The interesting possibilities of Google Stadia

The interesting possibilities of Google Stadia

Stadia disclosure at PAX Dev:

Google has released the first round of game announcements for Stadia. But this isn’t your father’s Steam store.

“It was important for us with Stadia that we moved away from the Wild West that exists in some storefronts today,” Bautista said, speaking at PAX Dev. “Just because a studio has a game idea doesn’t mean we’re going to allow them to publish that game on our platform. Just because a developer or publisher releases a game that was a success, we certainly aren’t going to allow ten, 20, 50 fast follows to come after that.”

Google is hand curating their game list. Which is not totally surprising since this is new technology that has been tried and failed before. They require devs to fill out a form – and told them to do so carefully and thoughtfully. It will be reviewed and if accepted, you’ll get an email to submit even more material about your company and pitch. If you pass that stage, Stadia reviewers will then determine which projects to prioritize. If selected after that, you’ll be invited to discussions of a tailored sponsorship package. So, quite a process.

It was mentioned that projects will be evaluated especially on their viability for the Stadia platform. Projects that have specific functionality that is either unique to or shines on Google Stadia will probably be prioritized for partnerships. Example: in Orcs Must Die 3, they have a game mode that allows for orc hordes in numbers not possible on a local system, but easily handled in a cloud environment with massive parallel compute.

Nodes and instances

You can develop directly in the cloud itself or you can use one of Google’s “nodes.” There are two kinds of nodes: server development nodes, which are very large physical devkits that go into a server room at your studio and have four different Stadia instances on them; or desktop development nodes, which have a single instance.

With the near complete takeover of engines like Unity for development, (engines that increasingly have cloud compiling and other cloud services for game development) the creation of a complete cloud-based development environment could be foretelling the next big transformation in game development.

In fact, Google urged applications to consider the unique capabilities offered by running on a cloud-based platform – and put them into your overall game design. Image horde modes on the order of hundreds of thousands of animated characters. Something impossible on a single platform, but easily done on a massively parallel environment like the cloud. The ideas and new gameplay modes that might be generated are really interesting.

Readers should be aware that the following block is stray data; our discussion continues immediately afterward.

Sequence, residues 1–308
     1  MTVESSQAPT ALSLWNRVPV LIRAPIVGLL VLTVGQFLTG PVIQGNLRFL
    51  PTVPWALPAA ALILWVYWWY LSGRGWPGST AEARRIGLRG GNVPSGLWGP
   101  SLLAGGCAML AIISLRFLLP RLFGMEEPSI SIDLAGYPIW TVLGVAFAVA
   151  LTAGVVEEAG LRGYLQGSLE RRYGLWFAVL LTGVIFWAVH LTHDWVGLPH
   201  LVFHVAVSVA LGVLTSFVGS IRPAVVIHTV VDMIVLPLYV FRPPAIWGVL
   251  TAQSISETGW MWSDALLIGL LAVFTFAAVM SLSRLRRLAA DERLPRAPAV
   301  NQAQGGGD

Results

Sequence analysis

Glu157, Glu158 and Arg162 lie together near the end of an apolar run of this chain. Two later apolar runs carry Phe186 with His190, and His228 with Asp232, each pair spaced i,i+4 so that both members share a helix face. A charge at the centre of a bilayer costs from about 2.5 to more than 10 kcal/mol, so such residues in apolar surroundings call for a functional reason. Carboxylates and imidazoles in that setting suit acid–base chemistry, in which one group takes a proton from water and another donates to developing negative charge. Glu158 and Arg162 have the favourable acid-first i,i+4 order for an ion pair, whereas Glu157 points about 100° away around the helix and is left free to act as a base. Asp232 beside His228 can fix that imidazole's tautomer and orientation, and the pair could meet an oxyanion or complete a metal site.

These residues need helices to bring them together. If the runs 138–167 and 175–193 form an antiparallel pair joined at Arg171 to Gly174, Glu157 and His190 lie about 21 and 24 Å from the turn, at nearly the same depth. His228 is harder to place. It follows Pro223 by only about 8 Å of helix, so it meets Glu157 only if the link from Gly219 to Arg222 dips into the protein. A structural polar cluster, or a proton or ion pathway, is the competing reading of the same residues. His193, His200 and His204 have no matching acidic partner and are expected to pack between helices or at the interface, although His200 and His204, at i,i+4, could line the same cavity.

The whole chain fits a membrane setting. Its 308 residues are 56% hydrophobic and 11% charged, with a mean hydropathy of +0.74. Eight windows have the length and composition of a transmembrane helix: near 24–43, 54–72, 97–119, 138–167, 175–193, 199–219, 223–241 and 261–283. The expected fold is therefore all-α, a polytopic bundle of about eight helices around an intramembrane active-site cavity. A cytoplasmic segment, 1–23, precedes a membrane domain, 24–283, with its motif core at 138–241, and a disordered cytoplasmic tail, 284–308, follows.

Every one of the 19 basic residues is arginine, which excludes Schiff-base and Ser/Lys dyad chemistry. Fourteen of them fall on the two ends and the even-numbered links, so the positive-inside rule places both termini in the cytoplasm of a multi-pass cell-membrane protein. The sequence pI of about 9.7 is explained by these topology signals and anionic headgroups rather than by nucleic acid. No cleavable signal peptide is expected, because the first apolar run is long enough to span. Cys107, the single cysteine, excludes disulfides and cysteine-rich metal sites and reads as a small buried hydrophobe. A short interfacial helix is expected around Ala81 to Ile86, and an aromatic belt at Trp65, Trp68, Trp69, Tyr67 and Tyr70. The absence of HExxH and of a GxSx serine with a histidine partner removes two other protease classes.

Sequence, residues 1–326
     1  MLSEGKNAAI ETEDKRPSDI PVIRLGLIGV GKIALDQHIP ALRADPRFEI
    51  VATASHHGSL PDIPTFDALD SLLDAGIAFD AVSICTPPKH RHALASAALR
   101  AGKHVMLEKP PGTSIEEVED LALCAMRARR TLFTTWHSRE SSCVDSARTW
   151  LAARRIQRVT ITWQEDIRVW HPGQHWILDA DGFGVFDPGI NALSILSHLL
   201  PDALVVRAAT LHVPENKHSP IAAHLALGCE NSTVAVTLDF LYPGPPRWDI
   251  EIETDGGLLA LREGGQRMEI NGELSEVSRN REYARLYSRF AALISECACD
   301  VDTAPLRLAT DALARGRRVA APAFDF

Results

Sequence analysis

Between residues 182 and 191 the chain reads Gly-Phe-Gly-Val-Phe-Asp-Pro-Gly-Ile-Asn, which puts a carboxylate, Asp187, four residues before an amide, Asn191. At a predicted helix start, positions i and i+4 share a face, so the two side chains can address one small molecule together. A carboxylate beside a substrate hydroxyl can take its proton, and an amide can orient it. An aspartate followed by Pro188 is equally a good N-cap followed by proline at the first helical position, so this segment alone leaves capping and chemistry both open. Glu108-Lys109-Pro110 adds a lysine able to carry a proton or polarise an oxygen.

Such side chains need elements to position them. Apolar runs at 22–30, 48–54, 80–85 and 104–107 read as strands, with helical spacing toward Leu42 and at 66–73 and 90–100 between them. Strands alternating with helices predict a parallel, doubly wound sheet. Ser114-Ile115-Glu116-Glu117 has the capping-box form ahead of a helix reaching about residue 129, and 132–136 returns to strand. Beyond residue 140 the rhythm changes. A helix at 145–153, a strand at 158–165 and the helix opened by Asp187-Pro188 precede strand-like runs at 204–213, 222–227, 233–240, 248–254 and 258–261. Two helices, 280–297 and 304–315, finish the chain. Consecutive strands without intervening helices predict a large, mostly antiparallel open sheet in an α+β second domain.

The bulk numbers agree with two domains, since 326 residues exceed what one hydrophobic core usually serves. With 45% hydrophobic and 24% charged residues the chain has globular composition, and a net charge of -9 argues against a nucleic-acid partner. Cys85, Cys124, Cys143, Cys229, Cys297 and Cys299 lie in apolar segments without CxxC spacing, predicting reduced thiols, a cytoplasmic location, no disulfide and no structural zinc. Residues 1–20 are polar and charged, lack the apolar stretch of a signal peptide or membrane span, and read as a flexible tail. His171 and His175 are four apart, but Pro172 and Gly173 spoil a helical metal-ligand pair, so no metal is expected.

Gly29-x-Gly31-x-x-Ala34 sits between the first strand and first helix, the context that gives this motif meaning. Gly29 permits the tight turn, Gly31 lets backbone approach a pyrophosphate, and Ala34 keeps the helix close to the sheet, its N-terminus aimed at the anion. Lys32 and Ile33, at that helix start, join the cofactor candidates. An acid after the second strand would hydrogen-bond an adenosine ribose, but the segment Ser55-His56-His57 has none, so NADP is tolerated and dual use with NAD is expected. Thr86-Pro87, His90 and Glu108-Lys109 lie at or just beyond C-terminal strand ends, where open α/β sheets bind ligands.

New features

Google Stadia will have other features that developers could take advantage of in unique ways. One that’s been shown before is Stream Connect, which shows multiple viewpoints on a player’s screen at once and is ideal for strategic play.

Another is State Share, a function that allows someone to compile game metadata into a shareable link, that can then be shared to others. For example, you can take a capture of a character wearing specific armor, with a specific weapon, at a certain level, and then send that state out via a YouTube stream, text, or email. Anyone who clicks on it can then experience the game in that state, which can be used to share a game with a friend or as a promotional tool.

Crowdplay, a feature that was teased in the initial Stadia reveal at GDC. It allows a livestreamer to play a game and viewers can queue up to play with or against them, jump in, and join the game instantly. 

Unanswered questions

The biggest selling point of creating a game for Stadia, or other streaming service, is that it has instantly been ported to any platform that supports Stadia. Consoles, PCs, mobile devices, etc. Anything that accepts input and is powerful enough for low-latency video streaming.

However, as has been discovered before, interface/controls are 70% of a game’s experience. Accounting for countless different display form factors and input schemes made game development extremely painful and error prone on early Android devices. A typing tutor game makes sense on a PC with a keyboard, but would probably be a terrible idea on a phone.

There is also the elephant in the room – latency. The United States is a huge marketplace, and internet latency and bandwidth can be radically different from place to place. Even in fairly ideal situations, latency on GoLive was deemed no substitute for local gaming experience. However, turned based games like Civilization and other non-twitch reaction time games (Civs, etc) should work just fine.

I think there’s some really interesting work going on and am excited watching the development of these ideas. I have doubts about latency issues, actual portability of games to different devices, and the costs for the platform/subscriptions; but the ideas of developing in the cloud and new game modes based on massively available compute are really compelling.

Time will tell which pan out.

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